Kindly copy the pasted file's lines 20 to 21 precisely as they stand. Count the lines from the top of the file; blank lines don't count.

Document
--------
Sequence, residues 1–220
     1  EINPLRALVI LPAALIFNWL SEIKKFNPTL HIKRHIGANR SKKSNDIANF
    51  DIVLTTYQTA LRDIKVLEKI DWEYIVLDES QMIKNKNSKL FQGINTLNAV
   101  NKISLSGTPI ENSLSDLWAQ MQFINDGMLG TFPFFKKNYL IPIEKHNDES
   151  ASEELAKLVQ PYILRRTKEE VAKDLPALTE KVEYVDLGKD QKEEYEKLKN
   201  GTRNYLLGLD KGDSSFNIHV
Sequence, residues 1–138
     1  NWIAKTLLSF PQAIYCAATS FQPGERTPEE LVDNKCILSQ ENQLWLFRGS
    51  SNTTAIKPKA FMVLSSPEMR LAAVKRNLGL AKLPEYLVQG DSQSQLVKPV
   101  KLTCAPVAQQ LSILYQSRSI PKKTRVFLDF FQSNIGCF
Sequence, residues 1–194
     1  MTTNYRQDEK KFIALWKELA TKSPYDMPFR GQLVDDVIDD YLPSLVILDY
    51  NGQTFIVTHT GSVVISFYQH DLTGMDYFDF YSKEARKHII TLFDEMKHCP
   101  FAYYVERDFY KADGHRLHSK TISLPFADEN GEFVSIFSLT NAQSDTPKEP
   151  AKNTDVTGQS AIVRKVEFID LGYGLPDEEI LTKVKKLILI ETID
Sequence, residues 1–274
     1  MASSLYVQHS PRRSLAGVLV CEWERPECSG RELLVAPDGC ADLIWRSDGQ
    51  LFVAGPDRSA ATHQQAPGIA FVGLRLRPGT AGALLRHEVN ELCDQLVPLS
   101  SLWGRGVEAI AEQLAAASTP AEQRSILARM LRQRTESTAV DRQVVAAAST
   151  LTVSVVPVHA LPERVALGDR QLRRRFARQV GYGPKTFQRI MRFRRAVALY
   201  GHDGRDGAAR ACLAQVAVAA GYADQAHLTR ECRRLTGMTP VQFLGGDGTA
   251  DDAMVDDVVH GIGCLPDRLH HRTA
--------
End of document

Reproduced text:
   151  LTVSVVPVHA LPERVALGDR QLRRRFARQV GYGPKTFQRI MRFRRAVALY
   201  GHDGRDGAAR ACLAQVAVAA GYADQAHLTR ECRRLTGMTP VQFLGGDGTA